-specific" if Echo's imprinting somehow goes wrong. If somebody remotely wipes Echo's personality, then yes, we're telling a story that only Dollhouse
can tell. But then, if the Dollhouse keeps botching missions like that, why would anybody keep hiring them? Ah, well. Them rich peoples is crazy, I guess.
So you know going into it that it could do some amazing things, but it could easily get torpedoed by its inherent problems. It's a high-risk, high-reward chance that you rarely see a network take these days. (Soon, every hourlong on television will be some sort of acronym-titled crime drama.) So far, I'm putting it in the 'interesting failure' category.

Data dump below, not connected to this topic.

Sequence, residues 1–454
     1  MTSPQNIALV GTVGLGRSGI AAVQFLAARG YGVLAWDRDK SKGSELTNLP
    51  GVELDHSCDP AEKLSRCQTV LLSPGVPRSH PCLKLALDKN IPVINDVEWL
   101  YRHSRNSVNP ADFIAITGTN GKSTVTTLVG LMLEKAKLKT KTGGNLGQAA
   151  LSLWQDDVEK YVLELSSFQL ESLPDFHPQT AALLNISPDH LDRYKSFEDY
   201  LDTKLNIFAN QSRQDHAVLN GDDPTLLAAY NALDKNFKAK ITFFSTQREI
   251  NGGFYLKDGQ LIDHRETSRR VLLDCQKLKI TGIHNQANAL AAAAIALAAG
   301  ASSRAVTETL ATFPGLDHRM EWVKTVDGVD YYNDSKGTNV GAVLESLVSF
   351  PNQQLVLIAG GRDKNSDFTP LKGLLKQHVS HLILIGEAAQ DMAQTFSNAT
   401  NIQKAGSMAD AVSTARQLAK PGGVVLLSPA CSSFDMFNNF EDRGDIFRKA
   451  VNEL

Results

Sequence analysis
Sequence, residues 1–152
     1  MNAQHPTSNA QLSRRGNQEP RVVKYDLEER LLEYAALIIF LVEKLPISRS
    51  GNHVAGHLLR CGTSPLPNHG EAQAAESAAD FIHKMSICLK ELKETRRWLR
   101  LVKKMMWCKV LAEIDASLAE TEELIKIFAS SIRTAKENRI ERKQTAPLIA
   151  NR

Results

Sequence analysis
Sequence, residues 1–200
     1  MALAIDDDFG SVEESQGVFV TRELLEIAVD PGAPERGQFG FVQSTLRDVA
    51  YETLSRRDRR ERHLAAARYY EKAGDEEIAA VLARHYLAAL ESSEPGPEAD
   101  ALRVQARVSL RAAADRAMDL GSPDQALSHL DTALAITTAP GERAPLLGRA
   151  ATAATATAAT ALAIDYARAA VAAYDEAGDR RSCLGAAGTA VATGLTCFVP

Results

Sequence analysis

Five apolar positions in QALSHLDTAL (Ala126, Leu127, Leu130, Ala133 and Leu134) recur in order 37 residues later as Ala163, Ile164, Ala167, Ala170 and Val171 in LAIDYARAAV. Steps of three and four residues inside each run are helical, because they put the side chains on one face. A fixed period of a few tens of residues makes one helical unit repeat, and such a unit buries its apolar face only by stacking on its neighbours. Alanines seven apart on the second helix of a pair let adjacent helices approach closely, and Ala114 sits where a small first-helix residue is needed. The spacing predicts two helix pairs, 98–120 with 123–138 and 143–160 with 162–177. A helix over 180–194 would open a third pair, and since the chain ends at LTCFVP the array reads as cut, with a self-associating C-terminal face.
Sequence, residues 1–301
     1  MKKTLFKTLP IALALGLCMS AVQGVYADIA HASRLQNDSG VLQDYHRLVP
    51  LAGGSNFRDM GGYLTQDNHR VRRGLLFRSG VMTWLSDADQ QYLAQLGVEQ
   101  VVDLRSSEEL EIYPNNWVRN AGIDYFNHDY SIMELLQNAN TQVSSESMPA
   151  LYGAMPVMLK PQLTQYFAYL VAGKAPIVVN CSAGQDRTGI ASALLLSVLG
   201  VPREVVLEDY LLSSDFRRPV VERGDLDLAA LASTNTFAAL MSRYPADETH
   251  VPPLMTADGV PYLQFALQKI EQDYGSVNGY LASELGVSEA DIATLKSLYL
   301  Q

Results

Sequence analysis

Side note: Alpha is a clever plot device for the show. First off, every time we see a hint that Echo isn't getting "wiped clean", there's a little frisson of fear: maybe she'll develop a 'multiple imprint' and go berserk like Alpha did! But also, it gives them an easy plot crutch: any time the writers need something impossible to happen: Alpha did it! Remote wipes are impossible? Alpha did it! Fooling the Dollhouse into working for a psychopath is impossible? Alpha did it! (See also: River Tam, Firefly
Alpha can do anything, and it's so merciful that he's elected to use his talents to do whatever the screenwriters need to have happen offscreen.
Additional side note: how the same guy who wrote "Once More With Feeling" and co-wrote Dr. Horrible's Sing-Along Blog
wind up with three TV shows that have horrible, bland scoring? (That would be Buffy
, and Dollhouse
had a fine score.)
I don't know. Maybe folks like Michael Giacchino (LOST
) and Bear McCreary (Battlestar Galactica
) have set a standard that nobody can live up to. And perhaps Dollhouse
isn't a show like Pushing Daisies